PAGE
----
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Movie Review: The Commuter (2018)

Liam Neeson is the believable weathered action hero that has that “special set of skills” that makes him (most attractively) your worst nightmare. Not since Jack Bauer or Jason Borne (or before both of them, Chuck Norris) has an action hero come along that you get so enraptured in by his doing so little on screen.

Taken, Taken II, Taken III, and then The Grey...and, hell, it doesn’t matter from there since we were “taken” with the fiery Irish Neeson right from the beginning. But now we’re at The Commuter and Neeson’s “special skills” are not so apparent.

Neeson plays “Michael MacCauley,” an insurance salesman and ex-cop who is about to see his luck take a turn for the worse. On a subway ride home, he is approached by a strange woman (Vera Farmiga) and, in turn, finds himself trying to figure out the identity of one particular passenger. The stakes are high, especially when he finds out he is being watched and his family is involved. As the mystery turns into a full-blown criminal cons…
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Movie Review: The Mule (2018)

Clint Eastwood’s The Mule tries to bring us a semi-redemptive story about the ravaging wisdom of age from a life filled with regret. The results: Well, being generous, they are mixed.

"Earl Stone" (Eastwood) was a great horticulturalist in 2005. He had a green thumb. Then came the internet. Fast forward to 2017 and he’s not only missing out on his daughter and granddaughter’s wedding and special occasions like he’s done all his working life, but he’s dead broke and losing his house. Earl's estranged wife, "Mary" (Dianne Wiest) is past the days of trying to stand by his side. He just hasn't been there, and everyone is plain tired of it. In dire straits, an acquaintance refers Earl to some shady characters. Thus begins his life as a mule for the local drug cartel.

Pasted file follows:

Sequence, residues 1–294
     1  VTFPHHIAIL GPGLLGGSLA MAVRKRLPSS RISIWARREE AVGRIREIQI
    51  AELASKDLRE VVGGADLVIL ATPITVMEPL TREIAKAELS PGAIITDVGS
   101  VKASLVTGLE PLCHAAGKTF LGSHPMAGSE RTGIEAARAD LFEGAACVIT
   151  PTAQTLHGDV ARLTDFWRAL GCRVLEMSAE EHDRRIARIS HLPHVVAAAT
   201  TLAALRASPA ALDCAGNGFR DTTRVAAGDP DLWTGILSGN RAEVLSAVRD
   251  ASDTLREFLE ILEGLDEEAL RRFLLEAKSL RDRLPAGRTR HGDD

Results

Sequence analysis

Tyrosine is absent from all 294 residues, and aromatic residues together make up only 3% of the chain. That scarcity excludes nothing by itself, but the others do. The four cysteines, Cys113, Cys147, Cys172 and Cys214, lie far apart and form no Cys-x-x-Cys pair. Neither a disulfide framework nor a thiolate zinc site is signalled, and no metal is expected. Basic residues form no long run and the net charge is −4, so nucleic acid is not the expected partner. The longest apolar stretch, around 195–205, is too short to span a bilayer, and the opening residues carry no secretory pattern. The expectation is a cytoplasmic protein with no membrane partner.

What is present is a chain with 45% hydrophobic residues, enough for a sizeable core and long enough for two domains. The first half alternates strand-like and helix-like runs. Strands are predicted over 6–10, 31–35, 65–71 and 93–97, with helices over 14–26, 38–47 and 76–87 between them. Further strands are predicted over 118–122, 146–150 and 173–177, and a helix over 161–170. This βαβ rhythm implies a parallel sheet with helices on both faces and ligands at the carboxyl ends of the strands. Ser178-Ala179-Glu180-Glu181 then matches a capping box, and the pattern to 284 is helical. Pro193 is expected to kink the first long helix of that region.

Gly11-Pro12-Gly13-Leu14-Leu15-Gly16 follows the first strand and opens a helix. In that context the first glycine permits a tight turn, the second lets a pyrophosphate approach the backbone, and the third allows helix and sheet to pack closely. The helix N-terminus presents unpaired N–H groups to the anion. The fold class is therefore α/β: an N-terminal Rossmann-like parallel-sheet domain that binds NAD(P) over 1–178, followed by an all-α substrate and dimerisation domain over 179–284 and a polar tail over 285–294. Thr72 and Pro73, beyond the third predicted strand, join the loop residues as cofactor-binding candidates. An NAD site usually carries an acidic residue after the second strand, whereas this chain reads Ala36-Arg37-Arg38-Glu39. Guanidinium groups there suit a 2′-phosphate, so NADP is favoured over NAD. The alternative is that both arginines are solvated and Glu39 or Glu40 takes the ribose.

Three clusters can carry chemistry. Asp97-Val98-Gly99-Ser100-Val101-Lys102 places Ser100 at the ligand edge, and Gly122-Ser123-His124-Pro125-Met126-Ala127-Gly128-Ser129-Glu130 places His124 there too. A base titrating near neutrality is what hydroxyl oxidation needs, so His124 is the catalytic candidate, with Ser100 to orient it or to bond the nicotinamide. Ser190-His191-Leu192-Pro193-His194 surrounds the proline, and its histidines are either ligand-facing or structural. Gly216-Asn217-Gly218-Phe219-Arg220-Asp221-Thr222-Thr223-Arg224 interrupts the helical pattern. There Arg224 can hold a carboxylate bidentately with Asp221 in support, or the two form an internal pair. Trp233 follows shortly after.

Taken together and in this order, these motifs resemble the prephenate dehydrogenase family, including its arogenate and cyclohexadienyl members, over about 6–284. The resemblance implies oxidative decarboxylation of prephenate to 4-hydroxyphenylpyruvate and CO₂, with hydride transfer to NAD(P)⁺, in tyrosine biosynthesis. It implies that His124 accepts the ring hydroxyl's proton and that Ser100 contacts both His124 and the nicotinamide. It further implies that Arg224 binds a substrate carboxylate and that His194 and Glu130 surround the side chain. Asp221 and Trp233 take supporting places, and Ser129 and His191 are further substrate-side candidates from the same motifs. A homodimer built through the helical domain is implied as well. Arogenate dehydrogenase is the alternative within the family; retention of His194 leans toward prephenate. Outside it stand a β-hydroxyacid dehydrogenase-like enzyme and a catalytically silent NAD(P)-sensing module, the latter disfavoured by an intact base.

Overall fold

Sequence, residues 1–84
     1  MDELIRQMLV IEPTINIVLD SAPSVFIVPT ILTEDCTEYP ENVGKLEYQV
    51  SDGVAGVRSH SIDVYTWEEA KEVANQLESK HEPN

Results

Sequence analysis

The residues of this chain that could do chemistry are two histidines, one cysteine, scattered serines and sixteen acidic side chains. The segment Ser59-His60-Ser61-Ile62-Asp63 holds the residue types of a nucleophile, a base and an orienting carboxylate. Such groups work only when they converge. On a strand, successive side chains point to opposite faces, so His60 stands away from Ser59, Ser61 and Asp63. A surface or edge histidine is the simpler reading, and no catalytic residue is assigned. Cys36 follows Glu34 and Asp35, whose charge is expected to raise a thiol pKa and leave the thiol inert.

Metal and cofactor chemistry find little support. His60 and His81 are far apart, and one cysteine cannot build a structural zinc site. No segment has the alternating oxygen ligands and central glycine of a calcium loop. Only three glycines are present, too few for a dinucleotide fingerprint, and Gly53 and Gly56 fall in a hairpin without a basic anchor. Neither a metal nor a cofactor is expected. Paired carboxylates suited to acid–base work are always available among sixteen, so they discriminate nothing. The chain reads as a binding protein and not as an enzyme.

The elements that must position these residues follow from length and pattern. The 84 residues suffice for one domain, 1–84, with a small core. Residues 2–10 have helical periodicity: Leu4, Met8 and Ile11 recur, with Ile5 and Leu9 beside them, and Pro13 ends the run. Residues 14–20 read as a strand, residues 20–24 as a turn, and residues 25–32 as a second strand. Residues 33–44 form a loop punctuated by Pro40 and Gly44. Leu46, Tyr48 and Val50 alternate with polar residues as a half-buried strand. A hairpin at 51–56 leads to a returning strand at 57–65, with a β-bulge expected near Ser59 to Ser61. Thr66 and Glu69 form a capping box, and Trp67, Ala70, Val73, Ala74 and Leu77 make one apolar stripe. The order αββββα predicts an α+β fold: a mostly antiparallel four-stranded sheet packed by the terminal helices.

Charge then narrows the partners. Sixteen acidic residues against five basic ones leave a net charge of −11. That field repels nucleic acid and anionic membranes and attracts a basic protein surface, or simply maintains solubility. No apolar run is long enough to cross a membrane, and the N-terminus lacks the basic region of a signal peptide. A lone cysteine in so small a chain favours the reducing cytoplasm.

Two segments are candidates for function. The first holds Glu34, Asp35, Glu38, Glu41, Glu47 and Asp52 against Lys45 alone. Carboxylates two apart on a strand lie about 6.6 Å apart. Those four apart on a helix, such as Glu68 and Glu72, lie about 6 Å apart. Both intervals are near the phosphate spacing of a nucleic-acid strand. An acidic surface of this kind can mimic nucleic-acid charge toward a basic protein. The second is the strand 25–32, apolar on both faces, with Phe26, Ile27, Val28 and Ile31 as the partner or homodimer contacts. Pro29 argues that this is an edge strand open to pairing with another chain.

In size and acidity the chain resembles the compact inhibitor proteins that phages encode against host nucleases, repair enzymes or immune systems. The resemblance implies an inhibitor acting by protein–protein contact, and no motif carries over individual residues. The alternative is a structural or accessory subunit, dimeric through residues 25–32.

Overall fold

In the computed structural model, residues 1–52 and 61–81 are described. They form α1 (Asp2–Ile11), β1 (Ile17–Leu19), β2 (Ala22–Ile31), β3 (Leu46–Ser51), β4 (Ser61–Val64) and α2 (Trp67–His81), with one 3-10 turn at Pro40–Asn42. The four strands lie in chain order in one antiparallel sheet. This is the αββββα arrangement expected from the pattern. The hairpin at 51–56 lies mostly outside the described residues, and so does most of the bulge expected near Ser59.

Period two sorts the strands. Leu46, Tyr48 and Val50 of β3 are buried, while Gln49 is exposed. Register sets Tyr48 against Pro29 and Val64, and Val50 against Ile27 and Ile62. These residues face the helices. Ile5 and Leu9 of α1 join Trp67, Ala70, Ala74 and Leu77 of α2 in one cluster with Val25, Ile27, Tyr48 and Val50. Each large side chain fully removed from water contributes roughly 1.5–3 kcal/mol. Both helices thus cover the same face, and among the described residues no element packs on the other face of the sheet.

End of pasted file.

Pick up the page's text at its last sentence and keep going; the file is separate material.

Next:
After the first run, the money starts coming in, but it isn't long until the trouble follows. Over a series of drug runs, the feds get involved. A hungry-to-prove-himself drug enforcement age…

Movie Review - Avengers: Infinity War (2018)

The standard for creating a superhero movie has now gone up — way, way up — so much so that all films coming after Avengers: Infinity War will have an impossibly high bar to measure to. The film should have been named “Avengers: Infinity Everything” because it gaspingly overreaches in literally every aspect of what it hopes to accomplish. It’s as if the production team came together and really convinced themselves that their film could, in fact, accomplish…infinity.

Now we aren’t given a graceful “what everybody’s been up to” reintroduction to kick things off, no sir, no ma’am; we open with a fight. And you know when you see the Hulk getting his rear-end handed to him that you don’t want to miss anything that comes after that!